[Book Review] Heartless — Marissa Meyer

This review also appears on Goodreads and Amazon.

Heartless was one of those books I may not have picked up if it wasn’t for OwlCrate. I had no previous knowledge of Marissa Meyer’s other books and no particular fascination with Through the Looking Glass/Alice in Wonderland. I am also not generally a reader of books whose plot is primarily based around romance. When I opened this book, I was not sure what to expect since the Queen of Hearts is among the hardest to imagine as the heroine of a novel.

I believe now.

Catherine, the future Queen of Hearts, is just a whimsical teenager with big dreams for her future. She has high hopes of growing up to be a baker with her own shop, despite having caught the King’s eye. Her parents pressure her to accept the King’s advances, very much like a Jane Austen novel, but Catherine’s heart is stolen by another, the King’s mysterious new Joker, Jest. No one seems to know where the Joker is from, or remember hearing of him before his grand entrance at the King’s Ball.

Although the secret flirtation between Jest and Catherine appears to begin with a love-at-first-sight cliché, it is by no means exactly as it seems. In fact, nothing is. The relationships between the entire cast of characters is finely interwoven, so that everything in the story happens for a reason and has an effect on almost everything else. Catherine’s relationship with Jest is complicated by layers of intrigue, with both internal and external conflict, that kept me engrossed throughout the book.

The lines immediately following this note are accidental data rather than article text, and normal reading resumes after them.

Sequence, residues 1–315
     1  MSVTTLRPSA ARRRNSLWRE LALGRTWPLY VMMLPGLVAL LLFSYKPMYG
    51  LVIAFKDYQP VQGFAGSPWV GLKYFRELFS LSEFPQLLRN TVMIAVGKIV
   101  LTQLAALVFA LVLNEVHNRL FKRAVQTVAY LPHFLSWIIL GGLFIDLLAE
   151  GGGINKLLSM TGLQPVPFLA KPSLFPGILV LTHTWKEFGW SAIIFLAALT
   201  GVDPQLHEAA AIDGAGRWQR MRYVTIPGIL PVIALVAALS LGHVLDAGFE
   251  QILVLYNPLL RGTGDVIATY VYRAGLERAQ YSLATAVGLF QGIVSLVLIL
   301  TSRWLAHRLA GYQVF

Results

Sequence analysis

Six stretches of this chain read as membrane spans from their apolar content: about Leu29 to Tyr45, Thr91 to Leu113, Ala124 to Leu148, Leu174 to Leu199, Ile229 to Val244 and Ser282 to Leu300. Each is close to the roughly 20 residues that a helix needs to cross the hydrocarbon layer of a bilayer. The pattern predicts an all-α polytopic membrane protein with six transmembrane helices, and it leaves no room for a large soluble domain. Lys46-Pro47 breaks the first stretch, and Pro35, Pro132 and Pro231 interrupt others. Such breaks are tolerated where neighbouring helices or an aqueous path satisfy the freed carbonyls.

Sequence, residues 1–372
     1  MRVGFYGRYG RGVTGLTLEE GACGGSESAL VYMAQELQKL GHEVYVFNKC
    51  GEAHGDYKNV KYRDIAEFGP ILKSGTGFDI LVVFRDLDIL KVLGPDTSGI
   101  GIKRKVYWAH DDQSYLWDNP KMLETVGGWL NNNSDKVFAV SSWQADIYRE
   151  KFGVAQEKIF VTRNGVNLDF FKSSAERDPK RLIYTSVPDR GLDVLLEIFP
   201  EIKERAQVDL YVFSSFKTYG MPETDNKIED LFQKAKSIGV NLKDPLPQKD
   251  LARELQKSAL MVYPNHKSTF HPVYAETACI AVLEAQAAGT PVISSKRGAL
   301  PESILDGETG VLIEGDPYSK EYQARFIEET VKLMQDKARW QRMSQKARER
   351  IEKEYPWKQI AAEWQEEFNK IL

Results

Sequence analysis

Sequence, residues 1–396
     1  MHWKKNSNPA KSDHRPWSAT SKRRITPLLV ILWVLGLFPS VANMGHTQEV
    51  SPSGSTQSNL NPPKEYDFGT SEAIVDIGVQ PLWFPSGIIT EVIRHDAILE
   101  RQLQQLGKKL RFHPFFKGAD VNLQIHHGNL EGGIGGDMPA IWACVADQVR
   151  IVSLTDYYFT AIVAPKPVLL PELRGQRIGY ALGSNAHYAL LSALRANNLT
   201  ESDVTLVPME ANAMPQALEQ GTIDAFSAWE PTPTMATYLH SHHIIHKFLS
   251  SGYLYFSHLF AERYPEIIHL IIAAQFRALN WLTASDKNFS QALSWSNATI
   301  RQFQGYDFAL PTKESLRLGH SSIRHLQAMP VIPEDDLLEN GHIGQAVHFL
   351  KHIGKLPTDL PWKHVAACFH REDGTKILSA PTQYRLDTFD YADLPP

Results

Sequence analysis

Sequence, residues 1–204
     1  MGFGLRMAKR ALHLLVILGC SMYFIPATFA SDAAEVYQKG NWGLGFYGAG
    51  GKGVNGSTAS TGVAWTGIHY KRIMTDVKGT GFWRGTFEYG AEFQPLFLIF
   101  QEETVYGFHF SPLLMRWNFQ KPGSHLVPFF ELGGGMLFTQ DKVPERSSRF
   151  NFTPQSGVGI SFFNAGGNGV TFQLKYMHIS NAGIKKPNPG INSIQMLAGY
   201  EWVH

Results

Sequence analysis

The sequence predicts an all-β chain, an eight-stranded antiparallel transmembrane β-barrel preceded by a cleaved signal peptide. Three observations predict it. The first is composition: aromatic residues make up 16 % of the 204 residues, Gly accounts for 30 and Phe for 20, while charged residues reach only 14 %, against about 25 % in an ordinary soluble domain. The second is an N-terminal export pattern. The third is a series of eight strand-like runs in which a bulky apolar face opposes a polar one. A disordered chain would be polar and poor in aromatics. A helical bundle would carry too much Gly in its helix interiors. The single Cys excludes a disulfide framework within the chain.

Meyer also did an excellent job of working within the framework of a world that was already created by Lewis Carroll. The end of Heartless was preordained by the person the reader knows that Catherine must become. Rather than making the book boring or underwhelming, at each new turn and bump in the road, I found myself aching for her and hoping against hope that somehow Meyer had found a way for her to make it out of the mess happily ever after. Perhaps my only sadness is that the end of the book wraps up briskly and left me sort of reeling to take it all in after the last page had been turned.

Bravo, Marissa Meyer!

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